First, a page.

NOTE—An earlier blog, Doing Your Research Right, discussed my research habits when writing historical novels. This is a follow-up blog.
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I guess I should have known what day it was when I showed up at the old watchtower in Berlin in 2011. I didn’t realize that I was arriving there on the 50th anniversary of the death of Gunter Litfin, whose memory was being honored by this very watchtower—a tower that had once been used by East Berlin guards with shoot-to-kill orders.
Back in 1961, Gunter Litfin became the first person to be shot by guards and the second to die while trying to escape from Communist East Berlin into free West Berlin. Gunter was killed while trying to swim across a canal, which was located not far from this very watchtower.
When the Berlin Wall came down in 1989 and Germany reunified, Jurgen Litfin, the brother of Gunter, had the watchtower preserved as a museum in his brother’s honor. But because I showed up on the 50th anniversary of Gunter’s death—to the day—I found that the watchtower was closed in his memory.
But I didn’t give up. I was in Germany for a week doing research for my Berlin Wall novel, The Puzzle People, so I came back to the watchtower the next day. This time, I found a decent-sized crowd milling around, but no one was being allowed inside the watchtower. Standing in front of the tower was a stern-looking, elderly German man, whom I learned was Jurgen Litfin.
“Why isn’t he letting anyone inside?” I asked a woman.
“I don’t know,” she said, “but he kind of scares me.”
When I approached Litfin, I found that he didn’t speak a word of English. So, with a German man translating for me, I explained that I was writing a historical novel based on the Berlin Wall, and one of my key scenes takes place in a watchtower just like this one.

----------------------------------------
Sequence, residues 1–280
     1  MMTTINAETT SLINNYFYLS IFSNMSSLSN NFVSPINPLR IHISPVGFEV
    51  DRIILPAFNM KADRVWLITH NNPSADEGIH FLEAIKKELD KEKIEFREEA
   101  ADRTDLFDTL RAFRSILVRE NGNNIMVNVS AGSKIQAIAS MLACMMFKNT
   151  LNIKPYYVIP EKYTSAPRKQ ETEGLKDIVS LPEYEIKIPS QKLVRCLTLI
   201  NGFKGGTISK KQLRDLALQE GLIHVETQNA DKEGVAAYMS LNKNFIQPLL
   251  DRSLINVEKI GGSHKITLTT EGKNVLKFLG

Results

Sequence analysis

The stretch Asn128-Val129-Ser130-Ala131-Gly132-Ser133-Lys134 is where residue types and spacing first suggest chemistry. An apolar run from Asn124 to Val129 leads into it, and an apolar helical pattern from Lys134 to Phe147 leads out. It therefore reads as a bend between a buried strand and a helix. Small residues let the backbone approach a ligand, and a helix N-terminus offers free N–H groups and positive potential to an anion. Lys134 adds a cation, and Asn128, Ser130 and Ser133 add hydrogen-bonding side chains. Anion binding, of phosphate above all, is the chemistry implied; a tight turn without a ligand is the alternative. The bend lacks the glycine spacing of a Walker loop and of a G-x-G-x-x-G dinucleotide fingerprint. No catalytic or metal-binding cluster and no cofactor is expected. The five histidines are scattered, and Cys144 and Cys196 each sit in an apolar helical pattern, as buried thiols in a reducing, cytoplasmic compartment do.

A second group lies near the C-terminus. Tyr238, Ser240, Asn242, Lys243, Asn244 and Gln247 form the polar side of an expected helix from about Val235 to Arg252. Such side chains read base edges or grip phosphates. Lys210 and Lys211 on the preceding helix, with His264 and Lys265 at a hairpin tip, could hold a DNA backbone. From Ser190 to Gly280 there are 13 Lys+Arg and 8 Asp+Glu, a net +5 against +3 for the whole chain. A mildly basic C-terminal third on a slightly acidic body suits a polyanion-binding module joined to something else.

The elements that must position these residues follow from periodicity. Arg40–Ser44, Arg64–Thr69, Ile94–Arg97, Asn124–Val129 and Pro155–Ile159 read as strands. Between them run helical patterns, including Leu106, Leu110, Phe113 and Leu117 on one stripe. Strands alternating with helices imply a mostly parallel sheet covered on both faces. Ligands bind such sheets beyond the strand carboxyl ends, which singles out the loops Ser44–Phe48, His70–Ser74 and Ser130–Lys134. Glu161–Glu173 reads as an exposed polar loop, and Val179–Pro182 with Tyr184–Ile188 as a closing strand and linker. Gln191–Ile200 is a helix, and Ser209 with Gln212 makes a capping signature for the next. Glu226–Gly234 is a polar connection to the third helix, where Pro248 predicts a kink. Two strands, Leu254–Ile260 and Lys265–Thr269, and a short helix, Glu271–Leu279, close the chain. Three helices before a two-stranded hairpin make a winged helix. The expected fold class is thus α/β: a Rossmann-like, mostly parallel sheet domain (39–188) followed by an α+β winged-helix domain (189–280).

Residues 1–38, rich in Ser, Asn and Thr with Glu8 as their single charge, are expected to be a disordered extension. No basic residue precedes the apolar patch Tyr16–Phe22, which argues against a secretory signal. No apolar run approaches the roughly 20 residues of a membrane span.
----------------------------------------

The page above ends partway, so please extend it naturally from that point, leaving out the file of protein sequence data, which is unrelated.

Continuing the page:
To my amazement, he allowed my wife and I—and no one else—into the watchtower. So we climbed up all three levels, and I took photographs and videos like mad.
The reason I bring up this story is that my visit inside the watchtower led me to completely revise the climactic scenes of my novel, The Puzzle People. This experience also taught me about the importance of visiting the location of your novel when doing research. Of course, some budgets will not allow visits to exotic locations, but all of my other historical novels have been located in the United States, where on-site visits are much more economical. So if your budget allows it, by all means visit the location of your story.
But when should you visit—before you begin writing, during the writing process, or after the novel is completed?
My choice is to go after I have completed a rough draft. That way, I know what locations I need to see. Then I can make revisions based on what I saw on location, as I did with The Puzzle People. Although my watchtower scene needed some heavy reworking, in most cases a visit to the location does not require me to make drastic changes.
When I finished the rough draft of a novel based in New Orleans during the second year of the Civil War, I went to the Big Easy with a list of locations that I wanted to see and photograph. If you give talks about your novels or historical subjects covered in your stories, the photographs you take have the added benefit of providing you with plenty of visuals to use in these presentations.
But before you visit the location in person, I suggest you make some “virtual visits.” The Internet today makes it possible to get a lot of the on-site research done from the comfort of your own office. Google Earth now makes it possible to walk the streets of European cities, without having to buy an airplane ticket and take one nibble of airplane food. So if your budget doesn’t allow a trip to a foreign country, take a trip with Google Earth.
Studying the location of your story is like buying a house. It’s a good idea to explore houses online before going out and seeing them in person. But you wouldn’t buy a house without ultimately going to the home and walking through it and hiring an inspector.
It’s the same with a novel. Check out the setting online, and then visit in person—if you can. At the very least, you’ll get a nice vacation out of it.
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5 for Writing
- Get writing. Find the time to write. Then do it.
- Learn by listening—and doing. Solicit feedback, discern what helps you.
- Finish your story. Edit and rewrite, but don’t tinker forever. Reach the finish line.
- Thrive on rejection. Get your story out there. Be fearless. Accept rejection.
- Become a juggler. After one story is finished, be ready to start another. Consider writing two at once.
By Doug Peterson